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Hi

just after some advice

 

in 2017 my mother died and my sister was the executor

 

it has just come to light that she withheld information from the beneficiaries that within 7 years before my mother died she had paid off my sisters ex husband in a divorce so she could keep the property.

 

I understand that this should have been declared in the accounts

 

what rights do the beneficiaries have now to reclaim this payment .

 

this only came to light through the death of another family member who knew what had happened ,

 

do we have any rights to challenge this after all this time

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Most of the payment will go to IHT.

 

Depending when the gift was made, it will be subject to the taper rules.

 

What was the value of your late mother's estate at the time of her death?

 

What is the value of the gift she paid to the ex husband?

 

If the gift was given/paid to the ex husband and your late mother did not benefit from it, then it might be the case that you and other beneficiaries and the IHT are owed nothing.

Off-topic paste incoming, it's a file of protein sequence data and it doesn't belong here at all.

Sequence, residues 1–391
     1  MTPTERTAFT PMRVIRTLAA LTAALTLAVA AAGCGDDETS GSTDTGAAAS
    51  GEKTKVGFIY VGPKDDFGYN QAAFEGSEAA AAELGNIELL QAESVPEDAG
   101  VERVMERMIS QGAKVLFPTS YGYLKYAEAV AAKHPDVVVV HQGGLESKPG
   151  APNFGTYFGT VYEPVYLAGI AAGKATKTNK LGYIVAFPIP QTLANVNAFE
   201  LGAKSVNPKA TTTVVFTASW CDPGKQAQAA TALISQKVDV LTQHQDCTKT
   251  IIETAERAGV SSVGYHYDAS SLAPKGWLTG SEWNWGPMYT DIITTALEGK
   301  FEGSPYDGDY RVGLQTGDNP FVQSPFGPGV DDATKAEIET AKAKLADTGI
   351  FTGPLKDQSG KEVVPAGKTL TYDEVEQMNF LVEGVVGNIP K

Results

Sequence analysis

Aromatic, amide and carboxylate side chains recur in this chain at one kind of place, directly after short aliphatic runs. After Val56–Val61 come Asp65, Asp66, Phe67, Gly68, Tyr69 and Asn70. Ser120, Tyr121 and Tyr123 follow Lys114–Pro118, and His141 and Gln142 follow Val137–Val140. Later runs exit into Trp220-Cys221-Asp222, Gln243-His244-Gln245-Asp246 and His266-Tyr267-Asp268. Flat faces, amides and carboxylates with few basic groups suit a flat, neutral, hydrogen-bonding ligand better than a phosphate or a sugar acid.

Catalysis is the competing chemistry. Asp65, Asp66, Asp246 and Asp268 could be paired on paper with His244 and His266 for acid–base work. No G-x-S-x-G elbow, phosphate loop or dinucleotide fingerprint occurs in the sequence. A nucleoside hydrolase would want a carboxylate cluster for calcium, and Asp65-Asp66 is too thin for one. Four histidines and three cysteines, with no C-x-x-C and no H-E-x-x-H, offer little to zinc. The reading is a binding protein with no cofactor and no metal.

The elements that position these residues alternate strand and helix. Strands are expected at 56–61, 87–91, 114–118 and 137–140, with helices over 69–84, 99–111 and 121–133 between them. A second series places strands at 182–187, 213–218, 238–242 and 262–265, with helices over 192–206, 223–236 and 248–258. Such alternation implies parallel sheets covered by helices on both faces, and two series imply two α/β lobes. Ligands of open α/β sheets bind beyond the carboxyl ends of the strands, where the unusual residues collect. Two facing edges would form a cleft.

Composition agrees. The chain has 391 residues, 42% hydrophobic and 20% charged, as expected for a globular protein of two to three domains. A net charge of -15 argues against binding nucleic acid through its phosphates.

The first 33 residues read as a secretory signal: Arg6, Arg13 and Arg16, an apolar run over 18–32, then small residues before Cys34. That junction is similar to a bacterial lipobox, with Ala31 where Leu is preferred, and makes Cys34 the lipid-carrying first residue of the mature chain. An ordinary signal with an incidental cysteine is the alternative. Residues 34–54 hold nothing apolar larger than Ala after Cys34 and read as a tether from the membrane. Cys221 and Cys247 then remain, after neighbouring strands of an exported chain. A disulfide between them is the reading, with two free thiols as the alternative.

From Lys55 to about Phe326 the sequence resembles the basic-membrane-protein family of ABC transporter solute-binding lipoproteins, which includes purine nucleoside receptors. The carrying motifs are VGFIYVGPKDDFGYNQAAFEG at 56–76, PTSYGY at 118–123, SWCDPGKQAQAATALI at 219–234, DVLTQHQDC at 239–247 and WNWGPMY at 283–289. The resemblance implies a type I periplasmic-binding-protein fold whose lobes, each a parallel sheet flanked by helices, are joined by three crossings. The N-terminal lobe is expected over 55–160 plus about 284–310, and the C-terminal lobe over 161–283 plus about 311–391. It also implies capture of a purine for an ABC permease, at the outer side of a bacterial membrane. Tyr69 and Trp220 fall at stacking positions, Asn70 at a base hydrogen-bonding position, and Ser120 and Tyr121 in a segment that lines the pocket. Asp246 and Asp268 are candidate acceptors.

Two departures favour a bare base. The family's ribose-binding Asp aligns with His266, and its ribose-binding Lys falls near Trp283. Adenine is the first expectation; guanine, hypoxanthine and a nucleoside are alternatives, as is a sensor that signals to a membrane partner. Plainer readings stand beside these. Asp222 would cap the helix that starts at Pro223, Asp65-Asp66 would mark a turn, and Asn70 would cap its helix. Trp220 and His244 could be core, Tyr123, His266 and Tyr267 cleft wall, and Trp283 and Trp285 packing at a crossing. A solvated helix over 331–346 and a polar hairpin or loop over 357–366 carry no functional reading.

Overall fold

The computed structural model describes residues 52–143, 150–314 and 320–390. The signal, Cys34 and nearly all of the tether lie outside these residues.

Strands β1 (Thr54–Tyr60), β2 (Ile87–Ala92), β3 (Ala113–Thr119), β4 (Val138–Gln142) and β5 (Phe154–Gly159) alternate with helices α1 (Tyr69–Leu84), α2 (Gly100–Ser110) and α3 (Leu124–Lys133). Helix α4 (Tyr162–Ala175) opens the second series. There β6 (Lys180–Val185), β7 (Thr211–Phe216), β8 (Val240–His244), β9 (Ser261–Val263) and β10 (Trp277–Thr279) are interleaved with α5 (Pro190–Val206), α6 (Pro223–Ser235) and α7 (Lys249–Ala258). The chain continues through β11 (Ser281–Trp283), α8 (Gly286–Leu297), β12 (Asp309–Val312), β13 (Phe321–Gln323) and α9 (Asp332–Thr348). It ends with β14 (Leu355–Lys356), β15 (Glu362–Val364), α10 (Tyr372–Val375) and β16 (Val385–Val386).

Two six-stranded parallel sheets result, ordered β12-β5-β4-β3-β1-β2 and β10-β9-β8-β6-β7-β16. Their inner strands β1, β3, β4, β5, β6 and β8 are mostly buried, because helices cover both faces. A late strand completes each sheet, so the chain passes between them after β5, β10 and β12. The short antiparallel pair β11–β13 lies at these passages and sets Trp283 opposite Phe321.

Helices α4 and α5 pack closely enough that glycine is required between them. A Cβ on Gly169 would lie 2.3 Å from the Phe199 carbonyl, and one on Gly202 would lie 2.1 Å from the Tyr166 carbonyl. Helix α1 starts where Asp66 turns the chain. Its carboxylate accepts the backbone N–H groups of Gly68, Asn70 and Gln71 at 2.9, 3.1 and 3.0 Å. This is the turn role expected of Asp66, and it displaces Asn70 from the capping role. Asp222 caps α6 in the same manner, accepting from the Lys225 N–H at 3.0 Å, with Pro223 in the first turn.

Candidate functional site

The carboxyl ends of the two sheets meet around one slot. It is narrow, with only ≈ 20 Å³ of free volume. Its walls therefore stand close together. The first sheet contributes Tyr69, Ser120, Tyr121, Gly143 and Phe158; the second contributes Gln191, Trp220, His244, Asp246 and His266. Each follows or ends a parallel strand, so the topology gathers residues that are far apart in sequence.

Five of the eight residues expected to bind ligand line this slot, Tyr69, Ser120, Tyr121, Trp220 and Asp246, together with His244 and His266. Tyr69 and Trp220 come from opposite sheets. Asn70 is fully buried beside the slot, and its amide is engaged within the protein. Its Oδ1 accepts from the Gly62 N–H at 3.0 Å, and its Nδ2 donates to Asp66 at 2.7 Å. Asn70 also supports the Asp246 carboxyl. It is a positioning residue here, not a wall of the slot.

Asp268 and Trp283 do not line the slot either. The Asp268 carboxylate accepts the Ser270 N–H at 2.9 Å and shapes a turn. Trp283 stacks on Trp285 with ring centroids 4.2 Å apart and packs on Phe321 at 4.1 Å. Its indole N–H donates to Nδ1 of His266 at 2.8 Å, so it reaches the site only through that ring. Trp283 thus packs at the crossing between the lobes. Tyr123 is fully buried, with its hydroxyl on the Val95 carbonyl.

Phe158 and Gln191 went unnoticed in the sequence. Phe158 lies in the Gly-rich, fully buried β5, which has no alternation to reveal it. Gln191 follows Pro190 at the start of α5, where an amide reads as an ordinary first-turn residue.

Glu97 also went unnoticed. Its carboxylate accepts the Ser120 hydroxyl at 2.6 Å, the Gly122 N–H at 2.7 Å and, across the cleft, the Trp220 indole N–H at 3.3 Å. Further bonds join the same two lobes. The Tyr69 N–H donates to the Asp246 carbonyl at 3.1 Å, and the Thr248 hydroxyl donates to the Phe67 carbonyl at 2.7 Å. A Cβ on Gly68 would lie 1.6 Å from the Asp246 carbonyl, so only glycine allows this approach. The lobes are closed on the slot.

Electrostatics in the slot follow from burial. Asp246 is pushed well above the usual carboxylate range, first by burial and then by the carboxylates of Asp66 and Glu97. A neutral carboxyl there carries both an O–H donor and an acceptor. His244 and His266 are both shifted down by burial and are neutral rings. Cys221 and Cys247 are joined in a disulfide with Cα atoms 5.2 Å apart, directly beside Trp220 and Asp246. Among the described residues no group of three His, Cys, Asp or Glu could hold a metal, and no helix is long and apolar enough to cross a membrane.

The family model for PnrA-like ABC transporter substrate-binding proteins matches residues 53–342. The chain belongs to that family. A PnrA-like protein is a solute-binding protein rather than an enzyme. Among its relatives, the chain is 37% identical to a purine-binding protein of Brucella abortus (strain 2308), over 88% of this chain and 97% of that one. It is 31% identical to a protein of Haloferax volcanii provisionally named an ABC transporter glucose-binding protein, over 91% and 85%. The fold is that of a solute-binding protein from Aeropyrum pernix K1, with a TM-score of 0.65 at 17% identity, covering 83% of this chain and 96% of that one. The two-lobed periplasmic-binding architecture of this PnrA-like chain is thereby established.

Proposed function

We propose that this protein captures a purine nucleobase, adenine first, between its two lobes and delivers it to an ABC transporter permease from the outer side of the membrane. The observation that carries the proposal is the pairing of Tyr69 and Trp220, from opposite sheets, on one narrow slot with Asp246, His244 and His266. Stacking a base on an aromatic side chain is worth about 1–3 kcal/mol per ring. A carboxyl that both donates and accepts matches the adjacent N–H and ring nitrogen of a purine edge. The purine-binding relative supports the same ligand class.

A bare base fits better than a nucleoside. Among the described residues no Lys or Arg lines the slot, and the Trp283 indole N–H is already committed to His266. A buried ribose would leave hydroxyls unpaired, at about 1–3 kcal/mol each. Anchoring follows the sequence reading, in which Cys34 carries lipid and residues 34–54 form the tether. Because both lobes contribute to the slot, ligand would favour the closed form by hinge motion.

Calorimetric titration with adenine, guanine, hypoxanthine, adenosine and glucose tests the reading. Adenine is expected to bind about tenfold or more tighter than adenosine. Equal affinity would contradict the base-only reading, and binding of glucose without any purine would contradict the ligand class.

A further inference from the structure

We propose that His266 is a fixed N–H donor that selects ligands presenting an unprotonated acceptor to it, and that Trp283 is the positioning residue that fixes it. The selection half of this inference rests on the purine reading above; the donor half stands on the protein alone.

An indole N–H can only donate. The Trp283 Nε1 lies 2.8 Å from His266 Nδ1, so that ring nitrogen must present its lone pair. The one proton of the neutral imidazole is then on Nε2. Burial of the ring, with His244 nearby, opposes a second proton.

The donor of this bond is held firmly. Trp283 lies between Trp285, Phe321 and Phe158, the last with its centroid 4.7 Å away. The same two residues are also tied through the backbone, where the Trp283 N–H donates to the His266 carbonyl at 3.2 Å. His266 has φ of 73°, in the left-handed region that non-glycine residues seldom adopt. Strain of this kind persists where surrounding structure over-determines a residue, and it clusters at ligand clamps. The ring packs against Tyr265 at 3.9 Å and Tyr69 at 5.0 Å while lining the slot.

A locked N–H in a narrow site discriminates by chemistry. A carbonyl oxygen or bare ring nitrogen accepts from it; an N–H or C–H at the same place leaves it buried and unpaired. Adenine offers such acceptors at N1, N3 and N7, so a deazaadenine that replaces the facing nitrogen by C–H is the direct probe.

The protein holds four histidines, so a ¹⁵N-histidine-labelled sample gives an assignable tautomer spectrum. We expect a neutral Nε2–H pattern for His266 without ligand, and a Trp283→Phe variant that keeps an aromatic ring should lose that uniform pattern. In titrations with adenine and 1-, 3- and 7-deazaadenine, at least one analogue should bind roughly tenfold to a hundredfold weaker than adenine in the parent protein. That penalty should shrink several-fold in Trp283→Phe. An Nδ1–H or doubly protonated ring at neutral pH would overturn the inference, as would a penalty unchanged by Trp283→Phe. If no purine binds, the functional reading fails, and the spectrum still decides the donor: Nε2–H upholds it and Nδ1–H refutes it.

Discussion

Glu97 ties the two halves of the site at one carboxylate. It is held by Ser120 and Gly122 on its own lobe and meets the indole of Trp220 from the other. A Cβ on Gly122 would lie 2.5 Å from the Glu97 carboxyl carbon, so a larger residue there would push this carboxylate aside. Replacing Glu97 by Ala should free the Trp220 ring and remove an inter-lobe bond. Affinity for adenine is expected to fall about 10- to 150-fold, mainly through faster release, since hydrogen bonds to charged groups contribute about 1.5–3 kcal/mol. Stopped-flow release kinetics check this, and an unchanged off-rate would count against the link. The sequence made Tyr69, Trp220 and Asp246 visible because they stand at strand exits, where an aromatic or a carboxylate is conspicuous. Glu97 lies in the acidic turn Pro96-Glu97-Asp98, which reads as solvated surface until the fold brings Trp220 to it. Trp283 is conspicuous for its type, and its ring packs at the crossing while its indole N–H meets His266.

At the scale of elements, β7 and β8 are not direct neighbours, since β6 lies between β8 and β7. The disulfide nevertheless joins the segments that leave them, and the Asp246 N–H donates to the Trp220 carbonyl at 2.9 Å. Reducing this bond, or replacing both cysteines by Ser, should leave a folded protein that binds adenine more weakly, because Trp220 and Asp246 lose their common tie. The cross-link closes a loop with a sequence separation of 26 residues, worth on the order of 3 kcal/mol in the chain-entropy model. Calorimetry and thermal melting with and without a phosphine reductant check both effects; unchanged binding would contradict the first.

Was your sister's home jointly owned with her ex husband?

 

Questions, questions. It all depends on the circumstances, but based on what you have said so far, it appears your late mother made a gift to the ex husband and not your sister.

 

What are you trying to achieve? Does your sister have children under the age of 18 living at home with her?

 

Haunter

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Hello there. I'm sorry to hear of your problems.

 

Was your sister the only executor and was there a solicitor involved please?